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Preview: Confirmation at Newcastle Northern Stage
CHRIS THORPE’S CRITICALLY ACCLAIMED SHOW TOURS THE UK THIS SPRING
Newcastle Northern Stage
23rd March – 24th March
With an election looming, and new voices appearing in main stream UKpolitics, Chris Thorpe and The TEAMArtistic Director Rachel Chavkin examine the phenomenon of confirmation bias and attempt to have an honourable dialogue, real and imagined, with political extremism.
If you pinned me against a wall, I’d probably admit to being a liberal. Of course, pinning me against a wall is exactly what I’d expect from someone like you. A show about the gulfs we can’t talk across, and about the way we choose to see only the evidence that proves we’re right. A multi-award winning creative team explore the phenomenon of ‘confirmation bias’, examining and questioning the rise of extremist thinking within the UK’s political landscape and exploring the strength and grounding of people’s beliefs. Originating from Chris Thorpe’s own frustration with the current level of political discourse in the UK, and his own ‘liberal’ bias, the work has been developed the rough academic research and through conversations with political extremism, in an attempt to open discussion on the subject in a more objective environment.
‘Rachel Chavkin’s fast-moving, kinetic production offers us an absolutely compelling performance from a man who is fast becoming one of the most powerful performers in the UK’The Scotsman ★★★★
Chris Thorpe has been at the helm of some of the most critically acclaimed productions in recent years, from the Fringe First winning The Oh F**k Moment (2011) to What I Heard About The World(2012), the Total Theatre Award and Arches Brick Award winning #TORYCORE (2012), There Has Possibly Been an Incident (2013), and I Wish I Was Lonely (2013) at Forest Fringe.
Chris was a founder member of Unlimited Theatre and still works and tours with the company.He is also an Artistic Associate of live art/theatre company Third Angel as well as working closely with, among others, Forest Fringe, Slung Low, Chris Goode, RashDash, Belarus Free Theatre and Portuguese company mala voadora. As a playwright, Chris has written radio and stage dramas, as well as translating the work of Ugljesa Sajtinac, Belarus Free Theatre, and Ze Maria Mendes.
Rachel Chavkin is the Artistic Director of the multi-award winning The TEAM, a New York City-based theatre company dedicated to dissecting and celebrating the experience of living in America today. Their work includes: Give Up! Start Over! (In the darkest of times I look to Richard Nixon for hope) (2005), A Thousand Natural Shocks (2005), Particularly in the Heartland (2006), and Architecting, a co-production with the National Theatre of Scotland, in 2008. The TEAMare four-time winners of the Scotsman Fringe First Award (2005, 2006, 2008, & 2011), Winner of the 2011 Herald Angel, the 2011 Edinburgh International Festival Fringe Prize, Best Production Dublin Fringe 2007 and 2008 Edinburgh Total Theatre Award. Their critically acclaimed Mission Drift transferred from the Traverse to the National Theatre in Summer 2013.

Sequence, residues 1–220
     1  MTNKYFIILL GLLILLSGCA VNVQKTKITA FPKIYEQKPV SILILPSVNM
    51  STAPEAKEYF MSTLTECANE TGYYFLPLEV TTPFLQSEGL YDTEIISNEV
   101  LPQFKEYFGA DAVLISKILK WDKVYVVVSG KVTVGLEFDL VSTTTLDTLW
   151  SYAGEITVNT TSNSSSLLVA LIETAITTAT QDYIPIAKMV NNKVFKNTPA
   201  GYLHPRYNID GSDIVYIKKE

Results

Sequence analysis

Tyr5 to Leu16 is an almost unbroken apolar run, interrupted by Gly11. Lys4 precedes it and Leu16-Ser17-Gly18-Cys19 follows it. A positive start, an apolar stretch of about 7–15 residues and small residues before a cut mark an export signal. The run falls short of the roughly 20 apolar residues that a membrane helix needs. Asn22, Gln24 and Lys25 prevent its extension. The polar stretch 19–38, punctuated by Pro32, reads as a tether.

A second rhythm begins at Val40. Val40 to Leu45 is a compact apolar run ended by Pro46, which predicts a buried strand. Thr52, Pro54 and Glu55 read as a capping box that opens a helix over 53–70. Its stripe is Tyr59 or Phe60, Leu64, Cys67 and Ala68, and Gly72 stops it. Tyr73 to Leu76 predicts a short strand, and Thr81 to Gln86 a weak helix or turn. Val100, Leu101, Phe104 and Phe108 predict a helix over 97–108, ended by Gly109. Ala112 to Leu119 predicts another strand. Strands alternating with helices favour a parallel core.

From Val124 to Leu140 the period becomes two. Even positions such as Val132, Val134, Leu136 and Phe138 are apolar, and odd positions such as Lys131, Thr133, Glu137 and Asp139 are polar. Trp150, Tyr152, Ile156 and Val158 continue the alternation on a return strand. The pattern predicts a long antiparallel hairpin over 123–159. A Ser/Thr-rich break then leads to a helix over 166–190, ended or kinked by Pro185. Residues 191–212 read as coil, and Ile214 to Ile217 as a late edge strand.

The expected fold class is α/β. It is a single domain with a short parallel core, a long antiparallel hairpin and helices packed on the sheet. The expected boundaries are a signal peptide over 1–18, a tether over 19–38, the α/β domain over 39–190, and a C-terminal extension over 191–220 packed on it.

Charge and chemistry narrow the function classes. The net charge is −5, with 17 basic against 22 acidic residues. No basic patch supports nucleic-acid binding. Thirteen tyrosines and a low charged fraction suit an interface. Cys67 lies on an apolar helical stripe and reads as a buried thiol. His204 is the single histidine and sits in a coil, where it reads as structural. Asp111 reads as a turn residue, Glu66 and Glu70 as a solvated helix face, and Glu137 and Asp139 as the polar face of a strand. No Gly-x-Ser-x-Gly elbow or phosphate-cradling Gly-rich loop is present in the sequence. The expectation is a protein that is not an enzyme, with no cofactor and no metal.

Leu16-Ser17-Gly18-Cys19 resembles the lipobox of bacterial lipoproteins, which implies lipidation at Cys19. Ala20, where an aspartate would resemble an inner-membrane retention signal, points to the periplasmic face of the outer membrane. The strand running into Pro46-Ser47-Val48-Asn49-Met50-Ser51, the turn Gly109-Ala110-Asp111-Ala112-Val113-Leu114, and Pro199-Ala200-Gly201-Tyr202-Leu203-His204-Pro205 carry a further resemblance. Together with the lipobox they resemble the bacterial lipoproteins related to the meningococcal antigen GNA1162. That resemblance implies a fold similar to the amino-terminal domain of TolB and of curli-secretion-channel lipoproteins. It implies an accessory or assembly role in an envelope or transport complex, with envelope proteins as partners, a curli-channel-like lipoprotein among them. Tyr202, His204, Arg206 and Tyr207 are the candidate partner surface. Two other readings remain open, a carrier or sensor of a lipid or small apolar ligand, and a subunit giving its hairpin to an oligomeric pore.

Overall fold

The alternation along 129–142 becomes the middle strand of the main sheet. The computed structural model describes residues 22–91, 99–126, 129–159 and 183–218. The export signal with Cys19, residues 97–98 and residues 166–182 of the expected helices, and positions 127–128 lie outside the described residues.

Writer / performer Chris Thorpe said about developing the show: “I guess I've always been fascinated by conviction, because it seems mysterious to me. Not that I don't have deeply-held beliefs – I do – but because those beliefs weren't necessarily specific, burning certainties.They were more beliefs about the application of concepts. That there must be some reasonableness in every point of view, however small. That there's a time and a place for a fair hearing, foreveryone. Because underneath it all, the surface conflicts and the differing interpretations of 'facts' there had to be some kind of truth. So I decided to investigate how the processes that allow us to form a worldview are thought to work. And these processes are double edged – the information gathering and filtering that makes daily life possible, applied on a larger scale, contain this huge potential for destruction. I decided to talk to someone of conviction. To see if it was possible to have a conscious conversation about those unconscious processes. A respect full conversation. To listen to those voices, and my voice, to see if we could get beyond the conviction. Maybe make my own liberalism less lazy. To see what that might do to me.”